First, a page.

Skiers cruise down the slopes at Snowmass ski area in Colorado. This winter has already delivered snow totals above 130% of average, but climate scientists say it will take more than one wet winter to pull the arid West out of a 23-year drought. Alex Hager/KUNC hide caption

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Alex Hager/KUNC

Why heavy winter rain and snow won't be enough to pull the West out of a megadrought

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An interview with a federal official set off a culture war fight after he suggested regulators might put stricter scrutiny on gas cooking stoves due to health concerns. Scott Olson/Getty Images hide caption

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Scott Olson/Getty Images

A display of Starbucks coffee pods at a Costco Warehouse in Pennsylvania. A recent article says using coffee pods might be better for the climate, but the science is far from settled. (AP Photo/Gene J. Puskar) Gene J. Puskar/AP hide caption

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Gene J. Puskar/AP

Yeah, actually, your plastic coffee pod may not be great for the climate

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Harold Davis, who's 29 years old, bought this truck and snowplow in the fall. Opportunities to use his new plow have been few and far between. Mara Hoplamazian/New Hampshire Public Radio hide caption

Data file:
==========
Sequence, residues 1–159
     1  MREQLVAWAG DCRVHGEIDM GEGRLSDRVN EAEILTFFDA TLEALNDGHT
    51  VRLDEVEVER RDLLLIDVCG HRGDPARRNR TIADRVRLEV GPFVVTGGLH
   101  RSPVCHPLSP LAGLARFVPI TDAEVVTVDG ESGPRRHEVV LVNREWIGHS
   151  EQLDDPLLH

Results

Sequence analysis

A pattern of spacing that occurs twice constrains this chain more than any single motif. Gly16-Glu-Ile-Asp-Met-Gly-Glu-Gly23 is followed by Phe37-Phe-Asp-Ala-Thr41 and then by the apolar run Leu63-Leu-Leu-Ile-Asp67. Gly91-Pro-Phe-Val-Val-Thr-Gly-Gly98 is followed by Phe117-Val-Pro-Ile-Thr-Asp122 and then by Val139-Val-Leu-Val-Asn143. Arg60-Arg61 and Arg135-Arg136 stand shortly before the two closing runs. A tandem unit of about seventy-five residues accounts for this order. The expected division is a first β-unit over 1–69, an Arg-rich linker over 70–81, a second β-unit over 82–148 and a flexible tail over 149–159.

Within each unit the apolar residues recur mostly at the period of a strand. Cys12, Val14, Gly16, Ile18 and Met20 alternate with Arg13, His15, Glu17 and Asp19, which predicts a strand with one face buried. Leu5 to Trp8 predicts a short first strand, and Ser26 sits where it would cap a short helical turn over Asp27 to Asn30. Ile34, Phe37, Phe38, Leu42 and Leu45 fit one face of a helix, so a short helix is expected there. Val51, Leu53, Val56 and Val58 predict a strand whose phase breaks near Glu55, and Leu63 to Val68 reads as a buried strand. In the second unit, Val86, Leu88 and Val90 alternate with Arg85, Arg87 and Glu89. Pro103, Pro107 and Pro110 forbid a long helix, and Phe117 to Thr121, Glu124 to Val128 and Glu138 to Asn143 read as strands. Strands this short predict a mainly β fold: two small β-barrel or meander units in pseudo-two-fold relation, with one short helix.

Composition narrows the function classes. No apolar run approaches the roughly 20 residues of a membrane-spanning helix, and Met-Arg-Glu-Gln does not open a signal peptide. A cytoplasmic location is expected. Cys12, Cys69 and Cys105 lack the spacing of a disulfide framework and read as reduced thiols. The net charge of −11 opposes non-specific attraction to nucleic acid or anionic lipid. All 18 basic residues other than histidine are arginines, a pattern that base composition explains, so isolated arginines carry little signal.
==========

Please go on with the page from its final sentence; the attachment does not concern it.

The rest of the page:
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Mara Hoplamazian/New Hampshire Public Radio

This snowplow driver just started his own service. But warmer winters threaten it

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Kylee Gray, a ranger with the Queensland Department of Environment and Science, holds a giant cane toad on Jan. 12 near Airlie Beach, Australia. The toad weighed 5.95 pounds. Queensland Department of Environment and Science via AP hide caption

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Queensland Department of Environment and Science via AP